College athletes recruited for academic skills, not just athletic abilities

by Ashley Van Alstine

Simpson offers student athletes something more then just sports. This Division III school tries to encourage athletes not only to excel athletically but academically as well.

For admissions counselors, the task at hand when recruiting athletes is emphasizing academics.

“I love athletics, but when they are in here, I don’t talk about athletics, and I think that surprises the athlete a little bit,” Director of Recruitment Cole Zimmerman said. “I talk more about the academic aspect of Simpson College, and what they can expect over the next four years. I think that sometimes it takes the really good athletes by surprise.”

While athletic successes may attract athletes to Simpson, recruiters on campus are not able to entice prospective athletes with monetary aid through their sport.

“We can’t give athletes scholarships here, all of the scholarships that the athletes get are based on academic[s] and financial aid,” Clint Head, recruiting coordinator, offensive line coach and assistant football coach said. “That’s one thing that can be a challenge for us. Other schools, not in our conference, but some of the other schools in the area can give athletic scholarships.”

Head said athletes don’t get any more financial aid than other students.

“If you come here and play sports, you’re not going to get any more money then a regular student who’s coming to school here,” Head said. “It’s truly an extra activity just added on.”

Head said the athletes are here because they want to be here.

“That’s what makes Division III so unique and why I really like coaching at this level,” Head said. “These athletes are here because they want to be here, and they want to get better. When you win a championship at this level, it’s the purest form of winning.”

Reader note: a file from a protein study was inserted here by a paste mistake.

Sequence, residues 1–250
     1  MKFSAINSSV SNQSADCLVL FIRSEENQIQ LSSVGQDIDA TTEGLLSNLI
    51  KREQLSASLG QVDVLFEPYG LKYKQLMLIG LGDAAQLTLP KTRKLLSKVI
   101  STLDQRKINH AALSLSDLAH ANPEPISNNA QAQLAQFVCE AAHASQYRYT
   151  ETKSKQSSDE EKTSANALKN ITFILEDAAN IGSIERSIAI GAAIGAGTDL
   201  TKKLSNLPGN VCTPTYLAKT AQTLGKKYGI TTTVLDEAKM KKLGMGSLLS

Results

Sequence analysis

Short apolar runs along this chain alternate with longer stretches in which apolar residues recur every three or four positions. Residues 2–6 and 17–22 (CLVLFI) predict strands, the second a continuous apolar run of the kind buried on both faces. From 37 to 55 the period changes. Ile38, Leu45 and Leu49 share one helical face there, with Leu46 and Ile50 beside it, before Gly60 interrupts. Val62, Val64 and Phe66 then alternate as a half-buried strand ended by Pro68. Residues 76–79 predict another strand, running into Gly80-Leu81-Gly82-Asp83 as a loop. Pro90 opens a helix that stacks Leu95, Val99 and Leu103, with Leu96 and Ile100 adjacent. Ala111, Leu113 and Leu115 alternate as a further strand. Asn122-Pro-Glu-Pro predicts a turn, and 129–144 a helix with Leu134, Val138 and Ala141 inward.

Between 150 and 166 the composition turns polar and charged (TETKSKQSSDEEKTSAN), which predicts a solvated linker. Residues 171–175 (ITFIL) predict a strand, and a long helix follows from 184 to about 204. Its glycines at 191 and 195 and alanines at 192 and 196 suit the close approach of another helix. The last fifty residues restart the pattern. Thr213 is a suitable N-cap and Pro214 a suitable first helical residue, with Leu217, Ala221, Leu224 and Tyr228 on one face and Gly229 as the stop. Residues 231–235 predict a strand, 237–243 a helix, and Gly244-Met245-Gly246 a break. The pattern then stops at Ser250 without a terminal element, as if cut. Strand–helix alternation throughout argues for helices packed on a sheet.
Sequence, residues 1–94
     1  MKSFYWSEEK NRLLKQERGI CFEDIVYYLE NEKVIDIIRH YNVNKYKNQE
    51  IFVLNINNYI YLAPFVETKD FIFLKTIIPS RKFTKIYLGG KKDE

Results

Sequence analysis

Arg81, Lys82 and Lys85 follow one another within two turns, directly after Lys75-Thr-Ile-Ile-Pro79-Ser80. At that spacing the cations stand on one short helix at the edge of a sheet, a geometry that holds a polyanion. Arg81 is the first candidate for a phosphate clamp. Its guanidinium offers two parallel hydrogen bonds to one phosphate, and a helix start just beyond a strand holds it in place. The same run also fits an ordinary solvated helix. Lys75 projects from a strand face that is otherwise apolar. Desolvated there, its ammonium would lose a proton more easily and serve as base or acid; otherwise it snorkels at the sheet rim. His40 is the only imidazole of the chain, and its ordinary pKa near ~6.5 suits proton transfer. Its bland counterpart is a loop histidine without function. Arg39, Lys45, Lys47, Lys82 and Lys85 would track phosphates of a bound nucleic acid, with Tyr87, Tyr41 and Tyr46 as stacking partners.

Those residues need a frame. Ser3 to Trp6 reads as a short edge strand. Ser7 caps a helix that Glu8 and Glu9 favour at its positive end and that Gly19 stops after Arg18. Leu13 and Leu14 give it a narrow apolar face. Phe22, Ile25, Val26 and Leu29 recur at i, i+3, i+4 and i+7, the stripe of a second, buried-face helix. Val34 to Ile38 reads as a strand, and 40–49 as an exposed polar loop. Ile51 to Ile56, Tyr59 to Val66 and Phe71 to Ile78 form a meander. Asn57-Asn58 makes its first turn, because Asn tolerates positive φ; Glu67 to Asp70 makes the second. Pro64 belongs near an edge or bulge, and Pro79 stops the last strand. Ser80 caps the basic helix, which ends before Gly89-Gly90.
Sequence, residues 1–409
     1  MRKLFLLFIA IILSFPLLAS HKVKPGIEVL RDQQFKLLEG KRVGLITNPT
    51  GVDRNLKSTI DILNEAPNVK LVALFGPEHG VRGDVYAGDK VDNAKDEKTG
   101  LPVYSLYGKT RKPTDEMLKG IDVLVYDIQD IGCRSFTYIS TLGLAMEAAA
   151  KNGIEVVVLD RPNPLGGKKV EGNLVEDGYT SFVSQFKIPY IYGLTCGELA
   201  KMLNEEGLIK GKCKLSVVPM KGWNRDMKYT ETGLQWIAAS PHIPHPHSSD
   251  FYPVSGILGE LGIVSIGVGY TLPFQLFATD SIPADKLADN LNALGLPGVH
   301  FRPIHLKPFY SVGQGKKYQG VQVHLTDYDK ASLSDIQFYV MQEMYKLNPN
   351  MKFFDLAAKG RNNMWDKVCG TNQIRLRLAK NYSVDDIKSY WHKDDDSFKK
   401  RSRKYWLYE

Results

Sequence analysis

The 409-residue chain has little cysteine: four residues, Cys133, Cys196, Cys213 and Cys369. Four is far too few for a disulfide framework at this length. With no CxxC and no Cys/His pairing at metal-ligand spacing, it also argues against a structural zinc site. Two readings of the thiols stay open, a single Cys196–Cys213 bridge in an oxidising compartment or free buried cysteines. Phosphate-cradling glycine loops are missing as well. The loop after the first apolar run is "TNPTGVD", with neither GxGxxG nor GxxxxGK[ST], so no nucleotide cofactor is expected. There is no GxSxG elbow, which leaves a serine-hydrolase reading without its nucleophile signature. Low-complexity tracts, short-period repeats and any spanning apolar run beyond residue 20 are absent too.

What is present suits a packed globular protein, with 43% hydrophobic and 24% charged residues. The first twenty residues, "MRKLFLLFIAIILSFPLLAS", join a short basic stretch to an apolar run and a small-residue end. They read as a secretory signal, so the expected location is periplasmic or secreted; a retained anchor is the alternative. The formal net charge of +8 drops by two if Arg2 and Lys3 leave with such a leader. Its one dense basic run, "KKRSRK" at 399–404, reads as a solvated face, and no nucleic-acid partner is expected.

The recruiting process starts at the beginning of a student’s junior year and continues until the student-athlete has officially decided upon a college to attend. The process requires communication between both departments trying to reach the prospective student-athlete.

“Recruiting is a two-way street between coaches and admissions,” Zimmerman said. “The coaches are out talking to other coaches, and athletes from high schools and junior colleges and then they bring those names back so that we can get them on file here.”

After a student has been named a Storm prospective, the coaches try to help him or her feel like he or she should become a part of the ‘Simpson Experience.’

“We try to get out and see them play, see them in their environment to make them feel wanted,” said Jennifer Jepson, assistant women’s volleyball, basketball coach and recruit coordinator. “From there we try to get them to see one of our games and keep in contact with them, without making them feel crowded.”

Hard work including: attending games, contacting prospects, mailings and other time consuming recruiting tasks can result in a small victory for recruiters when a student-athlete decides to attend Simpson.

“My favorite part of recruiting is coming up,” Zimmerman said. “Once they have gotten the award letter, and they decide that they can afford Simpson, they will call me up and say ‘Cole, I’m coming to Simpson.’ That’s an awesome feeling because that might be a kid that I’ve worked on for almost two years.”